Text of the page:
Cardozo’s next dream was to command a battalion. But this required a very high standard of physical, mental and psychological fitness so he started preparing for it and also participated in a rigorous Battle Physical Efficiency Tests (BPET) on the obstacle course.
The gruelling schedule that Cardozo set for himself at this stage was to get up early morning, do some exercises and go for a run before moving to the obstacle course to go through the BPET regime. This, in fact, led to a standoff with the officer in charge of the BPET test area who refused to allow Cardozo to take the BPET test because just in the previous year a physically unfit person had undergone the rigorous test and died.
He even went to the extent of threatening Cardozo that he would arrest him if he did the test. ‘You can put me under arrest only after I commit an offence. So let me first do the test, you can always arrest me thereafter.’ Cardozo replied. Finally much to everyone’s surprise, Cardozo didn’t just complete the test but also managed to prove himself fighting fit by doing things better than at least seven able-bodied officers.
The officer in charge of the BPET circuit was visibly so much impressed that he put an arm around Cardozo’s shoulder and said: ‘Well done, Sir, good job.’
Meanwhile, Cardozo got an offer to accompany the Vice-Chief of Army staff on a trip to Jammu and Kashmir. Cardozo was asked to climb up 6000 feet from the base camp to a helipad 6000 feet above. This was one of the toughest exams to test his strength and endurance and judge if he was fighting fit. The VCOAS couldn’t believe his eyes when he saw Maj. Cardozo effortlessly climb up to the helipad without any fuss or support.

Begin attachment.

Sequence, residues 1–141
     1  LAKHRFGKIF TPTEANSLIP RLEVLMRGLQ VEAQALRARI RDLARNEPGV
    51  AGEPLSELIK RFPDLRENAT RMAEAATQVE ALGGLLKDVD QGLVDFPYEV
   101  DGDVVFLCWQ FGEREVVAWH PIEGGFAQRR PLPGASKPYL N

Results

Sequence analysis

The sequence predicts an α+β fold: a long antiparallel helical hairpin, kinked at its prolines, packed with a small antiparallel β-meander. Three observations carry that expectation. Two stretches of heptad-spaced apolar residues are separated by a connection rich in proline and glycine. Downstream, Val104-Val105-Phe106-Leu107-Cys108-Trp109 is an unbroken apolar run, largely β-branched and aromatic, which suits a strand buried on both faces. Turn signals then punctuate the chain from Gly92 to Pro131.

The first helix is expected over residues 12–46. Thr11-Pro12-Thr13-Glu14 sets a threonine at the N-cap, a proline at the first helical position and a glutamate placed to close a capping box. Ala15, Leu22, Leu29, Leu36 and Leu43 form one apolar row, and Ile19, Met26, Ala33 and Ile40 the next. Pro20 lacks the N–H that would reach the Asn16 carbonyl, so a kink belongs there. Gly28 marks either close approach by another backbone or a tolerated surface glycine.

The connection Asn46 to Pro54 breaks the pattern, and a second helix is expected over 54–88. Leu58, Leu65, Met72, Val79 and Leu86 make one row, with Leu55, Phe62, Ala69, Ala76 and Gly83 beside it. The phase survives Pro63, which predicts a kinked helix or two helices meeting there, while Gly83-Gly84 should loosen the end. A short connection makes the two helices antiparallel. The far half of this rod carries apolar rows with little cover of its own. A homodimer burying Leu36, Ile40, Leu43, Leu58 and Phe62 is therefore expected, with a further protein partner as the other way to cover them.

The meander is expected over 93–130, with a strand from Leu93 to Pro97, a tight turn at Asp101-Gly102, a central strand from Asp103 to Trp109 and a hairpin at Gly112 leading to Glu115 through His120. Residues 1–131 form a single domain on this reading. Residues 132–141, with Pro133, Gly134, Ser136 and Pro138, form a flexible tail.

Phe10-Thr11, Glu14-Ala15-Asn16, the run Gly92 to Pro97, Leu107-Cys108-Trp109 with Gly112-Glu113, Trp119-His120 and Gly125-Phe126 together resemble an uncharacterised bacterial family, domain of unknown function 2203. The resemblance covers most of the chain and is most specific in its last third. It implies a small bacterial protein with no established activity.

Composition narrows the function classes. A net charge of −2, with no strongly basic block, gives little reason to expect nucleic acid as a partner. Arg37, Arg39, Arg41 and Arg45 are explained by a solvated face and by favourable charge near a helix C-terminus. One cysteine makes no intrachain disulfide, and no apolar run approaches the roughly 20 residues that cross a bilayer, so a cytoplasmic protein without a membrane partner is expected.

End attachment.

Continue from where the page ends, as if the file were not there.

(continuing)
True to his words, the Vice-Chief of Army staff put in a favourable word to Gen T N Raina, the then Chief of Army Staff (COAS) who asked Cardozo to accompany him to Ladakh. Cardozo did whatever he was asked and climbed the mountains in snow and ice to impress Gen Raina who summoned his file and wrote: ‘Yes, give him a battalion and to all other officers who are not taking shelter behind their wounds.’
Ian Cardozo soon got a promotion and went on to be the first disabled officer in the Indian Army to command an infantry battalion and a brigade.
Thanks to his persistence, will-power and determination, Ian Cardozo didn’t just clear the roadblocks for himself but also for three disabled officers who became army commanders and one who rose to be the vice-chief – even after both his legs were amputated.
Today Maj. Gen. Ian Cardozo (Retd.) decorated with an Ati Vishisht Seva Medal (AVSM) for “distinguished service of an exceptional order” and Sena Medal (SM) ‘for individual acts of exceptional to duty or courage’ has been able to do many things in life, which many others can’t dream of – just because he did not give up and bashed on regardless.
One thing that makes him stand apart from the rest of the crowd is – a never say die attitude!! “Ayo Gorkhali!” (“The Gurkhas are upon you!”).
(Mohan Guruswamy is Chairman & Founder of the Centre for Policy Alternatives and Distinguished Fellow at the Observer Research Foundation. He was an advisor to the Finance Minister Yashwant Sinha)